How these new pieces meld with Brady Tkachuk, Colin White, Chris Tierney and Co. will determine whether Ottawa has enough goal-scoring to stay afloat. Scoring wasn’t their biggest issue in 2019-20. Six teams fell below the Senators’ 2.6 goals per game average.

Murray needs a bounce-back year — and a strong backup

Goaltender Matt Murray was Ottawa’s biggest off-season move. They acquired the former Pittsburgh Penguins starter in exchange for forward Jonathan Gruden and a 2020 second-round pick — used by Pittsburgh for goaltender Joel Blomqvist. The Senators then signed Murray to a four-year, $25-million contract, their biggest of the off-season.

The 26-year-old replaces veteran Craig Anderson and will need to “loom large” as the immortal Danny Gallivan used to say, for Ottawa to be competitive. In a compressed schedule, Murray will need a good backup. Unfortunately, Anders Nilsson, once pencilled in for the starters’ gig, suffered a concussion last December and is still not 100 per cent. Unless Nilsson’s status changes, backup duty will likely fall to Marcus Hogberg. Joey Daccord will also get a look, and Filip Gustavsson is playing well in Sweden at the moment.

Outside help

Which of Ottawa’s Canadian rivals might hit a surprise downturn? Let’s face it, in a condensed season during a raging pandemic with a rescuing vaccine only beginning its long, slow rollout, a lot can go wrong in a one-off season. Injuries and health issues are bound to crop up and some teams will get hit harder than others.

The Toronto Maple Leafs and Calgary Flames look great on paper, and should thrive — at least until the playoffs start. The Winnipeg Jets survived an injury-riddled 2019-20 and will again count on goaltender Connor Hellebuyck to be a difference-maker.

The Vancouver Canucks have been hit hard by the loss of their saviour in goal, Jacob Markstrom, to the Flames as a free agent.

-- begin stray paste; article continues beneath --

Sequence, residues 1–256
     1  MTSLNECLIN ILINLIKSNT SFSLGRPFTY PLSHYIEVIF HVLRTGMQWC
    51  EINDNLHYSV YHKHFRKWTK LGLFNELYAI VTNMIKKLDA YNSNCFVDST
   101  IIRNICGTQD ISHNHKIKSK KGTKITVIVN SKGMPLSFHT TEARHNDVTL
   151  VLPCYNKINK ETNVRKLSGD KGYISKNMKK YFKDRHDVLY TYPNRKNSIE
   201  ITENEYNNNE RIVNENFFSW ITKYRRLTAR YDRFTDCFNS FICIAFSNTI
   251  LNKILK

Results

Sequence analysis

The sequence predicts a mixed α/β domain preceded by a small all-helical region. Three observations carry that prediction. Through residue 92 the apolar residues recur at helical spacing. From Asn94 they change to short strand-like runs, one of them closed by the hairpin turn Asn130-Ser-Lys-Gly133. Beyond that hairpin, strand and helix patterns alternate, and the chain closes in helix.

The Montreal Canadiens had a good off-season — Jake Allen is a nice complement to the overworked Carey Price in goal. Josh Anderson brings needed grit. But the Habs are no powerhouse.

The Edmonton Oilers have two superstars in Connor McDavid and Leon Draisaitl but are suspect in goal, as usual. Tyson Barrie and Kyle Turris were two nice additions in the off-season.

All in all, this is a strong division. The Senators won’t have a weak sister or brother for an easy two points. They have to hope to catch some teams napping, taking Ottawa lightly.

Expectations are lower than low

With reason, hockey analysts uniformly have Ottawa in the basement of this Canadian Division. And it will take a small miracle to jump up a spot or two.

When you’ve been at or near the bottom of the standings for three straight seasons, you find motivation where you can. Nobody respects the Senators’ talent level. They dismiss the roster (though never publicly). Often throw backup goalies against them.

The Senators surprised more than a few teams last season by playing through to the final whistle. Head coach D.J. Smith had his team hustling with energy and conviction night after night. Morale in the dressing room was high. Nobody expects the Senators to be competitive, and that is bound to get their competitive juices going.

It would be a shocker for Ottawa to finish anywhere but seventh, but the Senators will take their shot.